Neither SUB, BAT, SUM, MAT, SUP (short for having supper) or PAT are typically related to the Middle East. So you can discard the B, the M and the P.
But then there still is a curious obstacle: SUK and SUQ are both alternative spellings for SOUK, the typical bazaar in the Middle East. QAT and KAT are two spelling systems for the drug (also known as KHAT) chewed in some countries of the Middle East.
So which is the correct answer? Well: the last sentence in the clue makes clear you need the Q (the seventeenth letter in the alphabet) rather than the K (the eleventh letter in the alphabet).
8. In the running example of a "CHAMELEON" hiding "ELEPHANTS", we would now have the task of replacing the O by a T in the word pairing " n o O - O a r". The result is "n o T - T a r". And now your question: replace the O by another letter in the word pair "M E N O - O R B" so that you get two new valid words of which the first one ends with the initial of the last one. No clue for this one, as there is only one single valid option.

Three letter words ending on two consonants are almost bound to start with a vowel. So the second word should start with a vowel. Only ARB and URB are valid words, so you need not look into the options E or I. But replacing the O at the end of MENO by an A is impossible too. So that leaves only the U, resulting in the word pair MENU - URB. As for the meaning of these words: MENO is a musical term meaning less (for instance meno piano means less softly). An ORB is a round object such as a ball or a globe. MENU is the list with available food and drink items. And URB is short for urban area (most frequently in an informal setting).
9. In the running example of a "CHAMELEON" hiding "ELEPHANTS", we would now have the task of replacing the N by an S in the word pairing "b u N - N o w". The replacing pair would then be "b u S - S o w". Your question is to replace the letter N by another letter in the following word pair: "G U N - N A M" so that you get two new valid words of which the first one ends with the initial of the last one. Clue: one of the resulting words is an ingredient in the kitchen.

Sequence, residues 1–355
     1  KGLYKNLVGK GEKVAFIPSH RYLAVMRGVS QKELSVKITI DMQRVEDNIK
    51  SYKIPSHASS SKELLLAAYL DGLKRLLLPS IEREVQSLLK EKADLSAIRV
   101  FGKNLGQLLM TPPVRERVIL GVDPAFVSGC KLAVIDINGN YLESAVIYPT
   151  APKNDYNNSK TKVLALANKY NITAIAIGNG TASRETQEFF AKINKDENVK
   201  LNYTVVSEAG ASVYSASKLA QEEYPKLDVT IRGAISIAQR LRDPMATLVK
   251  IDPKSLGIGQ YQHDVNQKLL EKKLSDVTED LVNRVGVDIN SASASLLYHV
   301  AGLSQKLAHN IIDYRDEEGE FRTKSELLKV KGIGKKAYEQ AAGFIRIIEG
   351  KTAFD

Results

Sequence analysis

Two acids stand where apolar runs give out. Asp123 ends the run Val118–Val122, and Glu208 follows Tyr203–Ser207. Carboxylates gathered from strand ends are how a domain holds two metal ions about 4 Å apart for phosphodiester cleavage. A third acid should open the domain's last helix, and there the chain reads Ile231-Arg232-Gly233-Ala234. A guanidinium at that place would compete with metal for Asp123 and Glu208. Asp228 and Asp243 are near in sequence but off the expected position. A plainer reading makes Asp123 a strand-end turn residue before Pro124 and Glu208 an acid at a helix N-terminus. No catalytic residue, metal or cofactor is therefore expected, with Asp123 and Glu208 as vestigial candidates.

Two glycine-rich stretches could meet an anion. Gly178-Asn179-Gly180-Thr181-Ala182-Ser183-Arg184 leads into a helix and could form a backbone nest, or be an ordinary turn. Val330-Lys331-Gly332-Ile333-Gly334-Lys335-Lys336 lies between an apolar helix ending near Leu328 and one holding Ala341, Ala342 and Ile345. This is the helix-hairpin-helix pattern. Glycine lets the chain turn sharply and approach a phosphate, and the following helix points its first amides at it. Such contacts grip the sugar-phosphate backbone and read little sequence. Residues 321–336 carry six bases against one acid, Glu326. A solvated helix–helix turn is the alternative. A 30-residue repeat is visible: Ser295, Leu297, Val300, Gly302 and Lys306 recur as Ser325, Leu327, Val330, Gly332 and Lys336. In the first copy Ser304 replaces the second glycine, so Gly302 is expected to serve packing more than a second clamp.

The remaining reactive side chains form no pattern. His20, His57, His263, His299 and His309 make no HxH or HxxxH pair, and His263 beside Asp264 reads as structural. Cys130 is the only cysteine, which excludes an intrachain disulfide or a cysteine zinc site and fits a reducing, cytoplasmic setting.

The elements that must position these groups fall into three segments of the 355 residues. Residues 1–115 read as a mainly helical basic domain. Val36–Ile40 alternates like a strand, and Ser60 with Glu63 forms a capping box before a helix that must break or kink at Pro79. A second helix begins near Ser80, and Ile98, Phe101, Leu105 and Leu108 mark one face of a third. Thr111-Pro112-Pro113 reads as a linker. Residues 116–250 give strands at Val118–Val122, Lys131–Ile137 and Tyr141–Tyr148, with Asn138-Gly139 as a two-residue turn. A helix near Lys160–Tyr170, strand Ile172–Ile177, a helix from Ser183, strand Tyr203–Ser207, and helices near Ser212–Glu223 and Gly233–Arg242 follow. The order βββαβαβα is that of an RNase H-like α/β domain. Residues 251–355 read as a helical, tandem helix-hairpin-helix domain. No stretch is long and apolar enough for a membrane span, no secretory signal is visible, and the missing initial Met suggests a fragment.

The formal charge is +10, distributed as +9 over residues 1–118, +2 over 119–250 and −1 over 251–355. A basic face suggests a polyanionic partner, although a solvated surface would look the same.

First of all, which letters make two valid words when replacing the N? Here they are: L- T - Y.
The corresponding word pairs are thus GUL - LAM, GUT - TAM and GUY - YAM.
GUL is a geometric motif, especially in Oriental rugs. LAM is a rather unusual synonym for escape, especially associated with escaping prisoners: "the murderer is on the lam". GUT is a part of the intestines, while TAM is a type of hat (the full name is the tam-'o-shanter, a Scottish beret).
So the kitchen ingredient has to be the YAM - a starchy tuber. The plant is not related to the sweet potato, but the appearance of the tuber is quite similar to a potato or a sweet potato. Surely you won't cook the GUY that you find in your kitchen...
10. I'll reiterate the different word pairs form the previous questions here: S I C - C O Y N O H - H A S T A W A - A I T R E M - M O N T I E - E A R R O T L - L A K Y S U E - E A T M E N O - O R B G U N - N A M You can clearly read out the original nine letter word "CHAMELEON". Replacing the common letters as indicated in the previous questions, also gives a nine letter word from top to bottom. Which is this word we're looking for?

A soliloquy is a text spoken out to oneself. In theatre productions, movies and TV series the soliloquy can be used to clarify the situation to the audience. Some famous examples of soliloquies include "To be or not to be" from Shakespeare's play "Hamlet", or the summary of the previous episodes given by the character René Artois in the BBC comedy series " 'Allo 'Allo!".
Source: Author JanIQ